Governing chaos is not limited to Carolina or the UNC System. This week the NC Community College System president Thomas Stith III announced his resignation after little more than 18 months in the job. With this departure, the state’s community college system will have had seven presidents or interim presidents in seven years! During this same seven-year period the UNC System has had five presidents or interim presidents. This level of chaos and turnover is simply unprecedented, astounding, and deeply damaging to North Carolina. Not only that, but according to WRAL; “the state community college system has lost nearly all of its top-level leadership in recent years, with high turnover throughout the system’s central office. Nearly half of the system’s 58 schools have also changed leadership.” Prior to Stith, current UNC System President Peter Hans was the president of NC Community Colleges.
So, what’s next? The departure of Stith and ongoing chaos in both systems has revised speculation that legislators might take advantage of the chaos to merge the NC Community College System with the UNC system. Such a potential move was first reported in the Assembly in late 2021 and followed up by Education NC. The latter provided a copy of an email signed by Thomas Stith which seemed to confirm that such a merger was under consideration. Senator Phil Berger gave fuel to the speculation when he referred to : “synergies between the UNC System, the North Carolina Community College System, the state Department of Public Instruction and the state Department of Commerce…..[He’d] like to see them all in one building – or at least one campus….Maybe just one building, it may be a couple of buildings, …But I think they need to be in close proximity.” We now know that “close proximity” means across the street from the legislature. We have not seen evidence that such a merger would be good for either system and Mr. Paul Wiles, current Chair of the Board at Forsyth Technical Community College, implores us “not to be seduced into a false belief that the establishment of a sole governing body for public education in North Carolina would benefit our students.”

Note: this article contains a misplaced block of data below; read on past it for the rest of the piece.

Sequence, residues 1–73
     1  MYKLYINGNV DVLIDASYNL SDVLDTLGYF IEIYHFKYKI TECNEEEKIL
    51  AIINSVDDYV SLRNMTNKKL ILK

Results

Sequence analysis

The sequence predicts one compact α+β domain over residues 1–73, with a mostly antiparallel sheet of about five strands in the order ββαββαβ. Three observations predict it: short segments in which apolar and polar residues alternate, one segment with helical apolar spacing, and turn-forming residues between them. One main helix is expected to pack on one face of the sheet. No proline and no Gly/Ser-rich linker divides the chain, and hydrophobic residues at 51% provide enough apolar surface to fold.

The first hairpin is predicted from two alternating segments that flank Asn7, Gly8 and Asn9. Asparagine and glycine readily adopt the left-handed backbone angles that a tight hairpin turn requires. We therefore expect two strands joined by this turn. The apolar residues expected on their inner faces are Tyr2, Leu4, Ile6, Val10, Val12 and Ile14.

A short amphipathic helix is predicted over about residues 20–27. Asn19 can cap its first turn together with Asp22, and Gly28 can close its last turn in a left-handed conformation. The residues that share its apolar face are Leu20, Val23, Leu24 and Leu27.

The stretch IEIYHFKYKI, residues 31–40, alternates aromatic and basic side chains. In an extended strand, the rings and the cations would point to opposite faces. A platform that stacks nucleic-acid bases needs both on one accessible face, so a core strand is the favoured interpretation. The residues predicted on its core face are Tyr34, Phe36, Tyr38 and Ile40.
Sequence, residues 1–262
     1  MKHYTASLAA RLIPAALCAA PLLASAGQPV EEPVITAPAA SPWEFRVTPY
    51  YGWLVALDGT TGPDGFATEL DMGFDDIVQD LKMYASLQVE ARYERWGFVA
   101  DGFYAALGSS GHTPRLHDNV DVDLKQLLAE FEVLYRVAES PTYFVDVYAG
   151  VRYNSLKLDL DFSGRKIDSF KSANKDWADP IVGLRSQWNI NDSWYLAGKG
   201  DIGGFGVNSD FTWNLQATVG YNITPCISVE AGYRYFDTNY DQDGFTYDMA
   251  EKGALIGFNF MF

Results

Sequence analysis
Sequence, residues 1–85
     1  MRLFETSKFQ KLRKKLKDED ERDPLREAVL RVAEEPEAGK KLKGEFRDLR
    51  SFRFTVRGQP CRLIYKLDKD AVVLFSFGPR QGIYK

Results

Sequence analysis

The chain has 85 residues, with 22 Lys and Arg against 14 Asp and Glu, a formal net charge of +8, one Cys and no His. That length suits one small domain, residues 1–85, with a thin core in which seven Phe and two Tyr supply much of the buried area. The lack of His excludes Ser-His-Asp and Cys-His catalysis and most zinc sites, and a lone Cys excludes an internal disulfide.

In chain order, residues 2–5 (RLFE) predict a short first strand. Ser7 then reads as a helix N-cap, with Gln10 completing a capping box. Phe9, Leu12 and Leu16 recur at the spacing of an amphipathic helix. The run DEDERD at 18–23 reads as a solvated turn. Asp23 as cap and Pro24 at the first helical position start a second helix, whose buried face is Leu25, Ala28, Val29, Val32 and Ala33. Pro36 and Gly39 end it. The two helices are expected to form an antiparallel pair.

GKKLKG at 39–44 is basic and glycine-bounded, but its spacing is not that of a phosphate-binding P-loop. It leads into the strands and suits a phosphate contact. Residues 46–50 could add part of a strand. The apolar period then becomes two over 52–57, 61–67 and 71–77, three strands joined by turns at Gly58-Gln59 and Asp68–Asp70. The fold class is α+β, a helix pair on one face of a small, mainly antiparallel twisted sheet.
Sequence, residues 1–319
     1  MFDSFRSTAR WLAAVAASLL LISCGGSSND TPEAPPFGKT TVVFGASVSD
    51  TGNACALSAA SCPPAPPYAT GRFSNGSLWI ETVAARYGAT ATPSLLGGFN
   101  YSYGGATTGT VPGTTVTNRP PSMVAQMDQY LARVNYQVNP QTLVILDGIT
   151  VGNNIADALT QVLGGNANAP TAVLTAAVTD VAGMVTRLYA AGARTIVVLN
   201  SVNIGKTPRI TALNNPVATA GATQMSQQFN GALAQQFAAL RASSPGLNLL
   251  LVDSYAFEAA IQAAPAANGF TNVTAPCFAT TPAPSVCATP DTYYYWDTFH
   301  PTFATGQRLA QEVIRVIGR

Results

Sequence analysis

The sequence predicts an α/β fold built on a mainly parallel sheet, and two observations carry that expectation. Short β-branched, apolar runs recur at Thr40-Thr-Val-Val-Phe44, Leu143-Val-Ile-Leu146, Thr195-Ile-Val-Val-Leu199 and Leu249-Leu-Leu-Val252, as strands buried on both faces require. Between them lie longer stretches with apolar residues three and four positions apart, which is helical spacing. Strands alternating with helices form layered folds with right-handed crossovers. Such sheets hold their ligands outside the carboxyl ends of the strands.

Meanwhile at our beloved Carolina, we’ve lost our revered dean of the Graduate School, Suzanne Barbour, to our athletic rival Duke. Hired in 2019, Dean Barbour has been at UNC-CH less than 3 years. While she has not said why she decided to leave, we hope that the numerous reports of low faculty morale on campus—particularly among faculty of color—did not contribute to such a huge loss.
Don’t like what’s happening? Say something. Follow this link for information on how to contact state leaders. https://coalitionforcarolinafoundation.org/contact/